Diagnosis of Broca's Aphasia
Broca’s aphasia is also called motor aphasia. This condition occurs when a person suffers from any damage to the brain’s frontal lobe. The frontal lobe of the brain modulates the language skills. Hence, people with Broca’s aphasia face extreme difficulties while completing spoken or written sentences. Read on to know more about the diagnosis of Broca’s aphasia.
Broca’s Aphasia Diagnosis
- One must remember that Broca’s aphasia occurs due to serious brain trauma. After a person sustains a injury and regains consciousness, an initial assessment of the extent of damage to his/her language faculties is made. This is carried out by the supervising physician.
- A neurologist will at first try to diagnose this condition by engaging the affected person in a simple conversation. The expert will ask the patient to follow simple commands, converse and name objects. Since this condition primarily affects the written and verbal language skills, the neurologist will next refer the affected person to a speech-language pathologist if he or she suspects Broca’s aphasia. This condition is characterized by the affected person’s ability to use verbs and nouns, but problems with sentences, conjunctions, pronouns, prepositions and adverbs.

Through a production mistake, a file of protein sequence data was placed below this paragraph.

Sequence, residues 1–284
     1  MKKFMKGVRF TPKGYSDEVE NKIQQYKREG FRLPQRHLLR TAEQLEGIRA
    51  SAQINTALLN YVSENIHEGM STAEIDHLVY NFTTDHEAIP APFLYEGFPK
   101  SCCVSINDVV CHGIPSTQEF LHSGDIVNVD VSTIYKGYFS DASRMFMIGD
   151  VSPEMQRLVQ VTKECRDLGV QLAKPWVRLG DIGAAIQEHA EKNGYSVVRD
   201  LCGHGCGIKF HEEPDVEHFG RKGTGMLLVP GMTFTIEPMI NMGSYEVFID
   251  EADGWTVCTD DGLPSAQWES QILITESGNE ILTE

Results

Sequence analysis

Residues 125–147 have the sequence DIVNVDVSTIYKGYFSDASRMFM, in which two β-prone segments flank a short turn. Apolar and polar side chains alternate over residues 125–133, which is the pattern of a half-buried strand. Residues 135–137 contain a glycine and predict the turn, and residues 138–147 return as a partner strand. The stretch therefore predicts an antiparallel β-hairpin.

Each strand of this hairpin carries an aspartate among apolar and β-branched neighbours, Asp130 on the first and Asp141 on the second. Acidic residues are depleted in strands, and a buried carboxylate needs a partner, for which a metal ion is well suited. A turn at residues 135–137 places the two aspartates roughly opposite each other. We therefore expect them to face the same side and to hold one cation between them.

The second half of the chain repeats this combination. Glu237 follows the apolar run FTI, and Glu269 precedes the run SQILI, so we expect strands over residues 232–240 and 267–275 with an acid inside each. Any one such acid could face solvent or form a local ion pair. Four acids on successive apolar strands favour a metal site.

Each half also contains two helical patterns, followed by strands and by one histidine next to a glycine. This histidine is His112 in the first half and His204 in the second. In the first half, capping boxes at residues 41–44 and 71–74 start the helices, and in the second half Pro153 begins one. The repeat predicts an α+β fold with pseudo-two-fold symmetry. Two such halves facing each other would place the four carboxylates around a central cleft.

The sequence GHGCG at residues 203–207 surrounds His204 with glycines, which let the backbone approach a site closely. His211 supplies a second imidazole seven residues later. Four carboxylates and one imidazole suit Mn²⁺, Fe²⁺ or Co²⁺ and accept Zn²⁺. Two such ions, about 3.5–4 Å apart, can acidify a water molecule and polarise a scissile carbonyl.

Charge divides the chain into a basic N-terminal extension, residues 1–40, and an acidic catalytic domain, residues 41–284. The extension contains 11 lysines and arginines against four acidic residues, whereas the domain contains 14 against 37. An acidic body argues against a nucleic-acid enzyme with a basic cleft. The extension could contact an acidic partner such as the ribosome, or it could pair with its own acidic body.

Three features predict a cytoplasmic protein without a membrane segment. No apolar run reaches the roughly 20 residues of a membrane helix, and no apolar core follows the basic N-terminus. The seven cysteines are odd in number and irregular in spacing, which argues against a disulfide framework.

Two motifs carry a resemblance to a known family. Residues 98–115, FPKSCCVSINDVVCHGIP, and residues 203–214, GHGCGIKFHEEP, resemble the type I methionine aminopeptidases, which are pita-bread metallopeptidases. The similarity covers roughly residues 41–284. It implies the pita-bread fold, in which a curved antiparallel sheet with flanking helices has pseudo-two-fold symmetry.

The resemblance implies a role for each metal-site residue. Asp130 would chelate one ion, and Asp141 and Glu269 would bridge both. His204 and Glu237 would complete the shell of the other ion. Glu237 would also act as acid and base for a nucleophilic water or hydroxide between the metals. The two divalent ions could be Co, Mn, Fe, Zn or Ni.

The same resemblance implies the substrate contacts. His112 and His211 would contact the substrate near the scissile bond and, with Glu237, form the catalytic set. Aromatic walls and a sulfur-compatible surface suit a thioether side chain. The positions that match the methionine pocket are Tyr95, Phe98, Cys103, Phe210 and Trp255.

- Get the patient examined by a speech language pathologist. The expert will use in-depth series of examinations to analyze the extent of the brain damage and Broca’s aphasia. The regular and standardized tests which are most frequently used to diagnose this condition include the Boston Diagnostic Aphasia Examination, the Porch Index of Speech Ability and the Western Aphasia Battery.
- Try to get the analysis of the condition’s test results. These will immensely help the speech language pathologist in isolating the exact areas in the patient’s brain which suffered damage. Thus, the pathologist can prepare a specific treatment and recovery program. An affected individual can successfully recover his or her language capabilities by following a speech therapy program, although the extent of recovery primarily depends on the location of brain damage and severity of the brain damage.